Bayes Hack 2016
Department of Transportation Prompt #3
How can data optimize emergency services?
In 2014 there were more than 6 million traffic crashes in the United States, resulting in 32,675 deaths and 2.3 million injuries. Based on incident and traffic conditions, emergency responders have a number of options for transportation (including helicopter ambulance transport in lieu of ground ambulance). There aren't standardized methods or technologies designed for emergency medical services personnel to predict and optimize transport times by selecting the right response to every incident.
Can rich EMS response data coupled with incident state—including weather conditions, road and traffic conditions, and hospital locations—be used to develop a real-time tool for paramedics and dispatchers?
Two datasets that may come in handy for this prompt are the traffic-fatalities dataset from FARS (the Fatality Analysis Reporting System) and the EMS response dataset from NEMSIS (the National EMS Information System).
FARS traffic fatalities dataset
FARS has detailed data regarding crashes, vehicles, drivers, passengers, and pedestrians involved in all traffic fatalities from 1994 to 2014. You can use the web interface to query the data fields you want for a given year, or take a look at
data/fatalities-2014-allfields.tsv, a dump that we prepared of all 2014 crash/driver/occupant/vehicle/pre-crash data fields from FARS, in TSV format.
We have prepared a brief introduction to the FARS dataset, in an iPython (Jupyter) notebook.
NEMSIS EMS response dataset
NEMSIS has compiled a 4GB dataset of data pertaining to all EMS responses in the United States in 2014, organized into about 20 tables. To download and extract it, run
make data/nemsis (or you can manually download it from here).
It may be easier to start with just the Illinois subset (150 MB) of the NEMSIS 2014 data, which is available separately. To download and extract it, run
make data/nemsis-illinois (or you can manually download it from here).
Note that there are some slight differences in data format between the national and Illinois datasets – for example, the tables in the Illinois dataset are CSV, while those in the national dataset use a different delimiter.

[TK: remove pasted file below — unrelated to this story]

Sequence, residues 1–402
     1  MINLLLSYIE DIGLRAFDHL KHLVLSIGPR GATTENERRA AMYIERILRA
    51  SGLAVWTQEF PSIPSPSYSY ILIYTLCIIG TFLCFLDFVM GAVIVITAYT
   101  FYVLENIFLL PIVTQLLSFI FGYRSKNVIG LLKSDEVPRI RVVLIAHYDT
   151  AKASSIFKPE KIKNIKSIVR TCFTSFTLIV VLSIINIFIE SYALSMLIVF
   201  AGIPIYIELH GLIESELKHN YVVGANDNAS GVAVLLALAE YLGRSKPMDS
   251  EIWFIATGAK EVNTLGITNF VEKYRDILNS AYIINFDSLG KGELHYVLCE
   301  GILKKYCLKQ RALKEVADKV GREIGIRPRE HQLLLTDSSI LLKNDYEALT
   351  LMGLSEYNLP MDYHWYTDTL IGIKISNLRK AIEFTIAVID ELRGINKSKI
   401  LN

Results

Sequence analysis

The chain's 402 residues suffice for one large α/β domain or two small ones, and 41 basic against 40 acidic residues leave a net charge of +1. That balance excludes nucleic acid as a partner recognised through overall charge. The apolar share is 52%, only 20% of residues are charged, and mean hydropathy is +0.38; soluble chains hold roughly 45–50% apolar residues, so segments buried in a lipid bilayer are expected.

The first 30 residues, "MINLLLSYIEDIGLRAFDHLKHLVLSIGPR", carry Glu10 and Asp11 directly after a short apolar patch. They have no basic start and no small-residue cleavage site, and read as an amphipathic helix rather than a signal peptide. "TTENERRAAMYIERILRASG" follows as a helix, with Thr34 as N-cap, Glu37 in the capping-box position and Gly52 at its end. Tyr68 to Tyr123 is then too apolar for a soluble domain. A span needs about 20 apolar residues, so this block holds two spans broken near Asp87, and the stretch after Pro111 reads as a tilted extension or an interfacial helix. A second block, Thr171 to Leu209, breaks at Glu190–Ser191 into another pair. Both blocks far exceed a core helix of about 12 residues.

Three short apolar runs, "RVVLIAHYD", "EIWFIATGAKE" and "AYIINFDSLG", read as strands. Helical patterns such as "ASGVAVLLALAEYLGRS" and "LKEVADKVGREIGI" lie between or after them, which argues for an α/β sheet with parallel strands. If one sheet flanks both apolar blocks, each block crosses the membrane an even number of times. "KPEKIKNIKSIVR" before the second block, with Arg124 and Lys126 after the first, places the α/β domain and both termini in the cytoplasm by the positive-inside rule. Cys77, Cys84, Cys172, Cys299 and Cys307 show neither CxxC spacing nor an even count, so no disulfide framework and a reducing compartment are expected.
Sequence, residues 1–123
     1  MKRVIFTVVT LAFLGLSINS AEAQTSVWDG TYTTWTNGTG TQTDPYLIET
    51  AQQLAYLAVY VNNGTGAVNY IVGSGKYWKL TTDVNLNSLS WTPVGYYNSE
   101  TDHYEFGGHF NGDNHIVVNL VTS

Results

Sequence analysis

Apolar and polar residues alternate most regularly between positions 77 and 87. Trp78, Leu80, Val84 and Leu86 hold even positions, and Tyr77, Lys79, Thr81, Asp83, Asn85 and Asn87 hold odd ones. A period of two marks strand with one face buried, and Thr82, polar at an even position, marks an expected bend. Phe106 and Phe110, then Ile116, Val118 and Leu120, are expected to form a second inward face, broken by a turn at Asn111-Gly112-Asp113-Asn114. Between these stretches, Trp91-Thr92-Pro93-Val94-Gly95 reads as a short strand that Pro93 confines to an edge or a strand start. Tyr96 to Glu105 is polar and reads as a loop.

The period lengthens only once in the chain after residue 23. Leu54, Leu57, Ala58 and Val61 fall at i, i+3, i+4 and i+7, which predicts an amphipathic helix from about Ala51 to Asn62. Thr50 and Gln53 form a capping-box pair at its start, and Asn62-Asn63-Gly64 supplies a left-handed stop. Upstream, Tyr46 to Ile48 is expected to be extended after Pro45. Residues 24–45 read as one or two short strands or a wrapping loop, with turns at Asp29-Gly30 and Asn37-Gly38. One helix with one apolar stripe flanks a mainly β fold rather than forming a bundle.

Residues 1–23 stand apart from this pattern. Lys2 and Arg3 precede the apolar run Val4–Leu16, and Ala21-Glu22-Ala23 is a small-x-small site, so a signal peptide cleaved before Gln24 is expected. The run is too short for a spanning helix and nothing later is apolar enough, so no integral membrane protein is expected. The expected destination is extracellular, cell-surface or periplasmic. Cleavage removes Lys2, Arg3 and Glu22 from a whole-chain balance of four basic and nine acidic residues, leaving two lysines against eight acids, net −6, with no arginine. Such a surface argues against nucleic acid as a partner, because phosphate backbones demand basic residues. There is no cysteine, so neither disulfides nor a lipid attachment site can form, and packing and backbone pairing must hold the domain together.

To learn more about what the dataset contains and where it comes from, see the
ReadMeFirst.txt file in the Illinois dataset.
In This Repo
nemsis/– this is where the Makefile will download the national NEMSIS 2014 data dump.
nemsis-illinois/– this is where the Makefile will download the Illinois NEMSIS 2014 data dump.
fatalities-2014-allfields.tsv– a dump of all 2014 crash/driver/occupant/vehicle/pre-crash data fields from FARS, in TSV format.
fatalities-fieldnames.tsv– a mapping of field-codes to descriptive field names for the FARS dataset.
fatalities-codes.txt– a raw text dump of the meanings of all relevant codes for
fars-exploration.ipynb– iPython (Jupyter) basic exploration notebook for the FARS dataset.
Makefile– scripts to download the NEMSIS dataset.
- The American Trauma Society hosts a comprehensive index of trauma centers in the United States that incorporates service information.
- The National Highway Traffic Safety Administration's National Center for Statistics and Analysis open data portal with troves of high-level statistics. They also run the Fatality Analysis Reporting System, which can be queried year-by-year for individual traffic accident conditions and outcomes (see the README section on FARS data).